Disclaimer: I tend to use the metaphor “God” a lot in this piece. It’s just a word I’m using to try and point to something that’s so much larger than any concept or pronoun could ever encompass.
I’m really impressed by the design of the universe. I was looking up at the moon while walking home the other day and thinking, wow, what a great symbol, what a great reminder of how light comes spontaneously out of darkness every month only to realize a brief moment of plenitude before dissolving back into the void from which it emerged. If I look at the moon in the right way, she speaks to me of the wonder with which life continues on through death, even in this very moment as thousands of my cells die and are reborn. The outside world is a metaphor for the internal world, as I’ve heard, and wow, how amazing is it that there is such a thing as outside and inside, and how even more amazing that this distinction and division is the very basis for contemplation itself. Put another way, if God did not divide Herself into separate entities (who are actually all connected on a deeper level), She would not be able to look out upon Herself and marvel at what She is. I am the vehicle through which She/I can wonder at Her/My own deepest essence, with convenient hints provided by things like the moon (but really, I could look anywhere and find an image to unlock a deep understanding…take a tree for instance. Or sleep.)
And then I thought about what’s happening in Syria right now, in particular the massacre of women and children last weekend, and I was similarly driven to wonder how, while part of God is looking out at Herself in loving appreciation, another part is off consciously killing others. People will take any pretext, any little division to justify killing each other- you’re a Shi’ite! You’re a Sunni! You’re an Alawi! You say your prayers differently, so you deserve to die! When what the founders of every religion have taught is that we are all partaking in something unspeakably magnificent, and that we should try to help others who might not have been so fortunate to wake up to this magnificence, so that we could laugh and dance with each other in constant celebration that there is Existence and that nothing else really matters!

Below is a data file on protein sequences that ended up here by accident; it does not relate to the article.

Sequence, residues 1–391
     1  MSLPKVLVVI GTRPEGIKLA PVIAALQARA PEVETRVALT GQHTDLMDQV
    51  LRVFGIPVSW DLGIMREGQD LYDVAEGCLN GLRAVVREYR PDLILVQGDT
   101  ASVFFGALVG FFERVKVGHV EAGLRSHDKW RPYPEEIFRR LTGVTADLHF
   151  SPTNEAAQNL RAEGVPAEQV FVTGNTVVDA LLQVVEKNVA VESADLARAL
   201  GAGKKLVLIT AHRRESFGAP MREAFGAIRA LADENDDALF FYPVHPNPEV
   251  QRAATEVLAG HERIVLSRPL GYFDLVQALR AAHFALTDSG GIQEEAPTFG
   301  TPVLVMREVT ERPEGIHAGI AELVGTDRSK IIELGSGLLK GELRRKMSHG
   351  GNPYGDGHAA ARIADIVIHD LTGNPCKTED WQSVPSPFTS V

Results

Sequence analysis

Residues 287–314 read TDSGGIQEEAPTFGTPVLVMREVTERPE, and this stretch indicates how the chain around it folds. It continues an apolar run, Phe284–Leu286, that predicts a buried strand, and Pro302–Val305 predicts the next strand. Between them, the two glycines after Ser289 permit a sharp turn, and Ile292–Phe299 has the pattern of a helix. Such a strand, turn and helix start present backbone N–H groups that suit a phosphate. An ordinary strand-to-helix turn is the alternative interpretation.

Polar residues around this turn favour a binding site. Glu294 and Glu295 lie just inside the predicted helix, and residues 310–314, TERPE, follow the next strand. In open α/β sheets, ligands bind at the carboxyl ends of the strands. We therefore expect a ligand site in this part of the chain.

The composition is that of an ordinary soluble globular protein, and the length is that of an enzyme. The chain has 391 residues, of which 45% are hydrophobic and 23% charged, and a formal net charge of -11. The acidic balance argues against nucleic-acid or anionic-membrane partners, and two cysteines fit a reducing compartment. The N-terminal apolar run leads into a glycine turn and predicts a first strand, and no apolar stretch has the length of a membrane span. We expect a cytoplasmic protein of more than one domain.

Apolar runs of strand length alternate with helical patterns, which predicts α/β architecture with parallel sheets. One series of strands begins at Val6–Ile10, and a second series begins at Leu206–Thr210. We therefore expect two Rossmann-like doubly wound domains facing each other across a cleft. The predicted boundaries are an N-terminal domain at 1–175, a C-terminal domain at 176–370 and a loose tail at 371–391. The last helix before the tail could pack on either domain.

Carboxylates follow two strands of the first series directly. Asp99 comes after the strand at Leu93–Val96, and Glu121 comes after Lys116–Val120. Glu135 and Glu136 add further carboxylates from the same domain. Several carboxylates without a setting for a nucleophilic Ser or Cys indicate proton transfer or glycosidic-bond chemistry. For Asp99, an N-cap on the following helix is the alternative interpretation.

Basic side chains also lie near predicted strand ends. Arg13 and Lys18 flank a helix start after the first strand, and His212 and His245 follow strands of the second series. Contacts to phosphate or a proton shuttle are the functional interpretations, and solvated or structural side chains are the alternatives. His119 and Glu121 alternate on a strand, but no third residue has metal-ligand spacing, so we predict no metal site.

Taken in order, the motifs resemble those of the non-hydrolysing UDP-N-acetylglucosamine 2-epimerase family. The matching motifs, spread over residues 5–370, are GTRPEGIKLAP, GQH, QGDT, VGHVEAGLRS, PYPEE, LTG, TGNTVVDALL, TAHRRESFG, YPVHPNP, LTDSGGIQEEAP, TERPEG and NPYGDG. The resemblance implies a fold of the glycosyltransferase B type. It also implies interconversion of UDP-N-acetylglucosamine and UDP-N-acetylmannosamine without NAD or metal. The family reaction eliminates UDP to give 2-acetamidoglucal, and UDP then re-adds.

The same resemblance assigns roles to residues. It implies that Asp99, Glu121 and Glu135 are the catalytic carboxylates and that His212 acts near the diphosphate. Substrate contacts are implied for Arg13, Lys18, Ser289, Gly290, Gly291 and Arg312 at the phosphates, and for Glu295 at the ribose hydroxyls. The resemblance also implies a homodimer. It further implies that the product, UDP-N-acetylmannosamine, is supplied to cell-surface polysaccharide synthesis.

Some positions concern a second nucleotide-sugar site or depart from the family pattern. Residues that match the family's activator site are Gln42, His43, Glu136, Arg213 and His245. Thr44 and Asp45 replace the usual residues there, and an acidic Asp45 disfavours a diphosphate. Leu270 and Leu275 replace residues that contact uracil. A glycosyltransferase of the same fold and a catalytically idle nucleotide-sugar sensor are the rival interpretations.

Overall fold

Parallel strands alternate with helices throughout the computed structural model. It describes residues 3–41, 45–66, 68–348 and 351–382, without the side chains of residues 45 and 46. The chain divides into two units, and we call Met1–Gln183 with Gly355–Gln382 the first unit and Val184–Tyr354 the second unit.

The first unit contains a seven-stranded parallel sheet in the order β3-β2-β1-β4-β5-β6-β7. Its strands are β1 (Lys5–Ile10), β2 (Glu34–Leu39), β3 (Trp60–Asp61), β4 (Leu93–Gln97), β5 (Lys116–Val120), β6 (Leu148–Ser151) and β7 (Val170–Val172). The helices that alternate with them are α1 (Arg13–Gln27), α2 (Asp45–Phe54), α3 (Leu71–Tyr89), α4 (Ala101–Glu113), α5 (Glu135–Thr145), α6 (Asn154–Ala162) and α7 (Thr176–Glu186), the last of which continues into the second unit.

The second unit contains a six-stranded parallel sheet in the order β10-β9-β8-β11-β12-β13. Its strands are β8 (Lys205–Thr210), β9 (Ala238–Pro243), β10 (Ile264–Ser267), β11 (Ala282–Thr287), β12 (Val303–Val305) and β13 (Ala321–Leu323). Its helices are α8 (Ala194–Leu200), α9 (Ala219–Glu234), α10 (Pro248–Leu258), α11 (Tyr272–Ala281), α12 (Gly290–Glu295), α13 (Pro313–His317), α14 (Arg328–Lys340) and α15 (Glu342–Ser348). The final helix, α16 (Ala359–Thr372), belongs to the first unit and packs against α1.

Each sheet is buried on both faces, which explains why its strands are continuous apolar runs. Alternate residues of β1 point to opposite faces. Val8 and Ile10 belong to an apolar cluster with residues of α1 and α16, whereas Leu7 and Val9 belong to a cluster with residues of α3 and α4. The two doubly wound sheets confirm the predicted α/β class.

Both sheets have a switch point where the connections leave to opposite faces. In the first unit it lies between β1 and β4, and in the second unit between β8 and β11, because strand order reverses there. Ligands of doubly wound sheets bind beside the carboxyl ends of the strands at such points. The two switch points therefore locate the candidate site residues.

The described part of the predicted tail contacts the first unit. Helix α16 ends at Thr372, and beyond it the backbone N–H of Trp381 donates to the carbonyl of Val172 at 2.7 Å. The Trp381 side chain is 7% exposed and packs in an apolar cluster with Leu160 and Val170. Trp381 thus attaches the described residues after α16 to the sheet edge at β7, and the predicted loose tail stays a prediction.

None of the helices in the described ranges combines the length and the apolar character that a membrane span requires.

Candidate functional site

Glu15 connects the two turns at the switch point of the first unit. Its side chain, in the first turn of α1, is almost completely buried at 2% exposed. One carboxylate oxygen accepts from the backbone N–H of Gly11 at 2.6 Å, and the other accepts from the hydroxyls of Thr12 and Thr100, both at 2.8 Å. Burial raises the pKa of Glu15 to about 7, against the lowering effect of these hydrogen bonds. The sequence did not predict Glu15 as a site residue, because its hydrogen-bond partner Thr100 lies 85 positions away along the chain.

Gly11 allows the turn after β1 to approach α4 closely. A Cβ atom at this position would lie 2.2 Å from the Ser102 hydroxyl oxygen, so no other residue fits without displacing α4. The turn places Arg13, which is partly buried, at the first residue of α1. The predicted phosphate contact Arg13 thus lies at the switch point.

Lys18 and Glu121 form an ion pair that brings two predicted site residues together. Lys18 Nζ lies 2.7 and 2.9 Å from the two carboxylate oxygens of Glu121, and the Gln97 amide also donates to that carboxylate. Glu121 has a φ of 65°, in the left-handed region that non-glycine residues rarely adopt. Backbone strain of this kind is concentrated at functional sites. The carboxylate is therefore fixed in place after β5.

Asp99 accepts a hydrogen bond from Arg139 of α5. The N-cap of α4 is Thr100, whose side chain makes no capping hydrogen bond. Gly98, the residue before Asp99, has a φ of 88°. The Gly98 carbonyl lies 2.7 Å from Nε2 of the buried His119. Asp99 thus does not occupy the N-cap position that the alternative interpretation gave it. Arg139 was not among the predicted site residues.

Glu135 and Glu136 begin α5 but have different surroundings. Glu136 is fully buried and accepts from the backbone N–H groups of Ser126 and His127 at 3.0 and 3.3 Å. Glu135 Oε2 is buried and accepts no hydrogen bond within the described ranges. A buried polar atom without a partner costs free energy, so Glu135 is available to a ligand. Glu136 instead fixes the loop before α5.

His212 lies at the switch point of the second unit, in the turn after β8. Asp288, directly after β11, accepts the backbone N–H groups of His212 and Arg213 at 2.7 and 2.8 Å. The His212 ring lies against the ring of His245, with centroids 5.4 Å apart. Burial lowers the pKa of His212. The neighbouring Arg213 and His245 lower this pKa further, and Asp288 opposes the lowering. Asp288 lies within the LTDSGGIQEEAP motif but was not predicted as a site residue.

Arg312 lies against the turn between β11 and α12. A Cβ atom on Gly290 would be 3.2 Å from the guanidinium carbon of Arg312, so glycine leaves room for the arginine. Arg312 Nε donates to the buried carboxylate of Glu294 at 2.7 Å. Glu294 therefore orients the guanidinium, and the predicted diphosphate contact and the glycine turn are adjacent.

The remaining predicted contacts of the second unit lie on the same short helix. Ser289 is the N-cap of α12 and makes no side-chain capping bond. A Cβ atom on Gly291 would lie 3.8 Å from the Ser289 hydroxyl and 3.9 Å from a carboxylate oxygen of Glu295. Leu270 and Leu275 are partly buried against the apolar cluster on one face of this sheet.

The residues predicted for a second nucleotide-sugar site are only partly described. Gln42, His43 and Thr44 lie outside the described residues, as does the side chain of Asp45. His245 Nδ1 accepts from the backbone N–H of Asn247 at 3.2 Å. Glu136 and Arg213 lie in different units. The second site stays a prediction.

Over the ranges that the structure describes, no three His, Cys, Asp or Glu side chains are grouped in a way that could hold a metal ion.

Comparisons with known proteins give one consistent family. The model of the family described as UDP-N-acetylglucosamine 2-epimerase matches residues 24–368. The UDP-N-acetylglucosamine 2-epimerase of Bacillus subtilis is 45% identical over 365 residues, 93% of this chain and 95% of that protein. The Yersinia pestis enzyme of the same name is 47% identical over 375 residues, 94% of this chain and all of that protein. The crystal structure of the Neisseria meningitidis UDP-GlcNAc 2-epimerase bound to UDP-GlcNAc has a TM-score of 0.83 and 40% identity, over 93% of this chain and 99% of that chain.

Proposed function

(aside: We saw a great talk by Tenzin Palmo (a remarkable western nun) the other day, and she joked about Buddha, Mohammad, and Jesus all making a bet to see whose followers deviated the most from what they really taught!)
And yet, people find a way to reject this message of love and replace it with fear, maybe because it sounds too good to be true. Well, it is too good to be true! And if you need any more proof, just look at the bodybags and think: God is so powerful and loving that She allows those who have willfully destroyed part of Herself to go on living. Presumably, if our fear-based image of an omnipotent, patriarchal God were correct, then retribution for these wrongdoers should have been swift and immediate. But no, there are dozens of men who killed the wives and children of others still walking around in Syria right now. It sounds crazy to say this, but the fact that God does not intervene in our destruction of each other is not proof of Her absence, but paradoxically proof of Her presence. We cannot fuck up so bad that we aren’t still loved, and given another chance to express this love. The Holocaust happened, and the world kept turning.
This Being (that we all are) doesn’t step in because, as Krishna asks in Gita, who is killing whom? You can kill part of Me, but you can’t kill Me. Even if a manifestation disappears, the essence will persist. I have never been born and I will never die, because I am LIFE. There has to be something separate in order for harm to occur.
Sure, it’s probably a more constructive and happy use of our time to love one another, but there’s nothing stopping us from devoting our energies to hatred and violence if we so choose (isn’t it crazy that thousands of people around the world wake up to go and work in weapons factories?). Such are the mysteries of being part of a Being who has given itself the freedom to create or destroy, all because this Being couldn’t be fully what It IS without giving itself this possibility.